Understanding viscerally the kinds of photographs I want to make has been a journey of inspiration and frustration. I majored in photography in college and worked hard for some years after to develop my craft. I wanted to emulate my heroes - Adams, Caponigro, Tice, Strand, Weston - and armed with a Deardorff 4x5 camera and tripod, I set out in nature, determined to make prints like those of the photographers who inspired me. But it was precisely that determination that constrained my development as an artist: how could I find my own vision if I insisted on seeing the world through the eyes of my heroes?
Frustrated by my inability to find inspiration in nature, I stopped doing photography and it was many years before I picked up a camera again. It was through travel that I rediscovered that spark. I began traveling for pleasure a decade ago and bought a good digital camera to take pictures. Unburdened by the pressures of emulation, I experienced anew the joy of photography and allowed my eye to lead me. I spent countless hours in museums and galleries viewing art, seeing how modern artists in particular constructed images, dealt with composition and color, and they inspired me to think differently about representation.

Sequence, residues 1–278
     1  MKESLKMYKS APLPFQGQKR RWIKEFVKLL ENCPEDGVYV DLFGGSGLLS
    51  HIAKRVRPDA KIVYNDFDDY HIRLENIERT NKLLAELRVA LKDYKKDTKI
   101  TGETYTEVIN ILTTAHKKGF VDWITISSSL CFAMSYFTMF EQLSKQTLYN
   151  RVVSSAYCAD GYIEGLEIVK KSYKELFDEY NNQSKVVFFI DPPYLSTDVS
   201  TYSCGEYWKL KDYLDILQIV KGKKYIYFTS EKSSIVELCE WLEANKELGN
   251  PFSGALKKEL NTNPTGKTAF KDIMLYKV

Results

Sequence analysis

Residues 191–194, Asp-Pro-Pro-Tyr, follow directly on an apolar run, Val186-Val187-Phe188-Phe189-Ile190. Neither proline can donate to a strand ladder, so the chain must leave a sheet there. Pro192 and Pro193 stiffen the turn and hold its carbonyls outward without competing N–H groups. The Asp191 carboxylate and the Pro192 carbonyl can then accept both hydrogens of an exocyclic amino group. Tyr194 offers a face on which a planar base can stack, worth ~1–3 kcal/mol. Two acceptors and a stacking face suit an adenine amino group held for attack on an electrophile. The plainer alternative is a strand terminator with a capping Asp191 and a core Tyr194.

It took a long time for me to understand the kind of photographer I wanted to be, to find my own eye. I admire the work of Cartier-Bresson, but the essence of my work does not spring from a decisive moment. I am drawn to the urban environment, to the residue of human touch that I find as I wander the streets of cities around the world - the curves of staircases and exhaust pipes, torn posters, graffiti on walls of abandoned buildings. And I found digital photography liberating: the creative possibilities afforded by digital editing tools relieved the pressure of capturing a perfectly composed or exposed image in the field.
It is primarily shapes and colors that attract my eye - architectural elements that appear sculptural, small sections of graffiti that form abstractions. Though harmony pervades much of my work, there is dissonance in some of my photographs, the use of composition and color intended to destabilize reality and unsettle the viewer. The more I work, the more I understand the kind of photographs I want to make. I found my eye and trust my eye to lead me to subjects that allow me to realize my own vision as a photographer.
Digital editing tools played an important role in my evolution as a photographer since they give me means of crafting images that go well beyond what was possible in the darkrooms where I began my journey. Like most photographers, my creative process has two phases: shooting and editing, taking and making photographs. The digital image I capture is a canvas I build upon: reshape and reposition, add or subtract elements; alter texture and colors; use light and composition to create effects. I choose to work on a fairly small scale - 8” x 10” prints - because I value the intimacy with the viewer that small scale affords.
It is exciting to view the raw image on a screen, envision what I can do with it, and use an array of powerful digital tools to realize that vision. Digital photography has given me the freedom to explore my creative potential and rediscover the love I have for making art.